1955 Cent Sells For Record $125,000 In GreatCollections Auction

by CoinNews.net on March 4, 2020 · 2 comments

A very rare 1955 penny which was struck with a doubled die sold for a new world record price of $124,875 at an unreserved auction by GreatCollections on Sunday, March 1st.

1955 Double Die Lincoln Cent

This 1955 Double Die Lincoln Cent, graded PCGS MS-65+ RD CAC, sold March 1 in a GreatCollections auction for a record $124,875

The auctioned coin is the finest known of the famous U.S. error and was graded MS-65+ RD by PCGS, the leading third-party grading service for rare coins. It was also approved by CAC, another third-party company who reviews coins for originality and condition.

It last traded at an auction in 2018, where it brought $114,000, another world record at the time, far surpassing the third-highest price of $62,100 for an example sold in 2005.

Major doubled die varieties occur on a dozen different years between 1909 and 1995. They are caused by the coin’s die being struck more than once with a hub, while being rotated at a small angle. The result is a very clear doubling of IN GOD WE TRUST, LIBERTY and the date 1955 that can be seen with the naked eye.

It is estimated up to 40,000 of the error were struck one evening at the Philadelphia Mint in 1955. While employees of the U.S. Mint noticed the error on some of the coins being released in circulation, they were already mixed with millions of regular pennies, and it was decided to be too much trouble to try to retrieve each of the error coins. After being released into circulation, many of the error coins were discovered in change from vending machines.

There was significant press at the time, not to mention coin dealers offering an immediate profit to those lucky enough to find the error, and as a result it is estimated up to 10,000-15,000 exist today in varying condition from average circulated to Mint State/uncirculated grades. A typical example in low grade Mint State/uncirculated can sell for $2,000-$3,000.

Ian Russell, president/owner of GreatCollections said,

"This is one of the most famous of U.S. coins and being the single finest, it attracted a lot of attention from serious collectors and dealers over the past few weeks. The winning bidder is a serious Lincoln Cent collector from the East Coast. While we do not disclose individual bidders’ identities, the underbidders could combine to form the who’s who of American numismatics."

Russell continued,

"Over 140 registered bidders were actively tracking the 1955 Doubled Die, and the listing attracted over 6,000 page views — all while the financial markets were having one of their worst weeks in history, proving how immune the rare coin market is to the global stock markets and economy."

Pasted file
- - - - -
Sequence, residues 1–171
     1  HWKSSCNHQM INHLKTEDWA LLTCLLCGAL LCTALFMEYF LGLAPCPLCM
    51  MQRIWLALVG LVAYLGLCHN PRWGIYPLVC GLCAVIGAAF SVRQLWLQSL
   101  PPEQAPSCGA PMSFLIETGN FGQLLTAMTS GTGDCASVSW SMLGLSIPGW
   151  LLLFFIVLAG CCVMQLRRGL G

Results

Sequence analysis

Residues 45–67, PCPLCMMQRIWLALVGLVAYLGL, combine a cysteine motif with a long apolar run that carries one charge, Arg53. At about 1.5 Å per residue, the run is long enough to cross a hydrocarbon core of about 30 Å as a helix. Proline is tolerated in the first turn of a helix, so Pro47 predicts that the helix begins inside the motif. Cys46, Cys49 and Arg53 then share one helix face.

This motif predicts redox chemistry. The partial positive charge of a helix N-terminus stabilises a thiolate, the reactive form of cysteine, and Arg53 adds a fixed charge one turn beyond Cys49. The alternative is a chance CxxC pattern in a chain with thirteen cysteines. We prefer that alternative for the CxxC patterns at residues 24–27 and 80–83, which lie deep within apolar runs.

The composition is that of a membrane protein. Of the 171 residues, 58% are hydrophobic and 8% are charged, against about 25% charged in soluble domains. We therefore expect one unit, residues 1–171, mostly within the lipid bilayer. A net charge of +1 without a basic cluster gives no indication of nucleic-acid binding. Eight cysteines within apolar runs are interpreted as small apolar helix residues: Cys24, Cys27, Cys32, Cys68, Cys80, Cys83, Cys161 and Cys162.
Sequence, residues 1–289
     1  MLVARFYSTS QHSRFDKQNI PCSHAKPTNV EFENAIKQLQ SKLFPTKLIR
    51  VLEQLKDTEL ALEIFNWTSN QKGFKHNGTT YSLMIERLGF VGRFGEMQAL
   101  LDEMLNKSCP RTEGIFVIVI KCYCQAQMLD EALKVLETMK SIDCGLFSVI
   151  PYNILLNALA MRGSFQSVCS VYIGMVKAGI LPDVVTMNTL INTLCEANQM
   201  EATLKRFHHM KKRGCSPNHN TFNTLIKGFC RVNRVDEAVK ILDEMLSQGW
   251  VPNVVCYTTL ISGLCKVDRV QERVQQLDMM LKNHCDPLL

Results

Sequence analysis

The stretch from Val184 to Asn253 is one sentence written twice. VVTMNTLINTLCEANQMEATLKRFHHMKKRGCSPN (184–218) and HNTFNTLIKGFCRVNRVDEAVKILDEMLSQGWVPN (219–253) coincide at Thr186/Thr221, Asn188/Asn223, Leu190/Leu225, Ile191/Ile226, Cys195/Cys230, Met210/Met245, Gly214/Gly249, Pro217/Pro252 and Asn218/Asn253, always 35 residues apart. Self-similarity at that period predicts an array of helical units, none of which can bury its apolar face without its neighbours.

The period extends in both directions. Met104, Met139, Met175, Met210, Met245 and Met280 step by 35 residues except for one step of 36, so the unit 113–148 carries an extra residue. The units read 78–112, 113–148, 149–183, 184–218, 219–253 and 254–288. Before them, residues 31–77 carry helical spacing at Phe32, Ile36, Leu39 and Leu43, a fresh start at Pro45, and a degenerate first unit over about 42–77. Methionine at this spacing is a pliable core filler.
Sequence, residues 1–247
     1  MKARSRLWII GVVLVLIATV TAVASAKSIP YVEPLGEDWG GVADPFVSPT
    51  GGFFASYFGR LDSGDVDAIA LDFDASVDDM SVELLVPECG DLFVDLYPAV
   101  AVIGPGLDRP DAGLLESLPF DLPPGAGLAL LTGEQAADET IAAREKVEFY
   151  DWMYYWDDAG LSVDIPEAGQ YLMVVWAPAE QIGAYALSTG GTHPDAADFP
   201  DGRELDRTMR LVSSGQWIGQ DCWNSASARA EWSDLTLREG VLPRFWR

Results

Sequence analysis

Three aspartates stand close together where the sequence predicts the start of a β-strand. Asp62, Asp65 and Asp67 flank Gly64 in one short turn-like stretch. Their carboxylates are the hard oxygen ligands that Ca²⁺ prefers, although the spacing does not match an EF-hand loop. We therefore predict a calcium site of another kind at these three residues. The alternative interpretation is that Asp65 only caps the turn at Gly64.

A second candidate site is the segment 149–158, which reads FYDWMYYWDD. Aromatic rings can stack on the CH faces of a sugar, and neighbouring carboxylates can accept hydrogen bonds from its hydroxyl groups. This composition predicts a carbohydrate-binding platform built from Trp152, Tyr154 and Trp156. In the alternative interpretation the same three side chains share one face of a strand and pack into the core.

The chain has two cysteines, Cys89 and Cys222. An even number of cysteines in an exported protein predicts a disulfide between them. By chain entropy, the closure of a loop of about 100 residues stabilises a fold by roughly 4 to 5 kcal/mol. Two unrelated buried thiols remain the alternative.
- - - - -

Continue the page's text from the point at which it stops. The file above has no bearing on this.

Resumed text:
Other highlights sold by GreatCollections on March 1st include a 1915-S Panama-Pacific Gold $50 Round Commemorative that realized $88,749 and the finest 1888-O Morgan Silver Dollar that sold for $34,031.

The original auction listing can be viewed at:
https://www.greatcollections.com/Coin/781072/1955-Lincoln-Cent-Doubled-Die-Obverse-PCGS-MS-65-RD-CAC

GreatCollections is an auction house for certified coins and paper money, as well as coins approved by CAC, handling coin/banknote transactions from start to finish.

For sellers, GreatCollections offers professional imaging for each coin/note, cash advances as appropriate, extensive marketing and other individualized services generally not available with other auction houses and websites, freeing the seller to do nothing except collect the proceeds of the sale.

Buyers benefit by entrusting a venue whose principals have years of numismatic experience and whose reputations in the industry are impeccable.

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Chas. Barber
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Chas. Barber

I wonder what it was in a prior holder? The “new” holders from PCGS seem to have coins graded to less stringent standards IMHO. Cleaned now ok for alot of stuff (See Barber 50c, etc.)

Michael
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Michael

That coin is in a somewhat short-lived holder with the DuPont hologram sticker on the reverse, used from 2014-2015.

That means this example was put into that holder 5+ years ago. It might not have necessarily been graded. It could’ve simply been a reholder.

Regardless of any past grade/holder, the currently assigned grade is solid. CAC and PCGS are different entities. CAC green backs the coin at the grade as being strong for a 65+.

Plastic and stickers aside, the bidders justified the grade with their bids.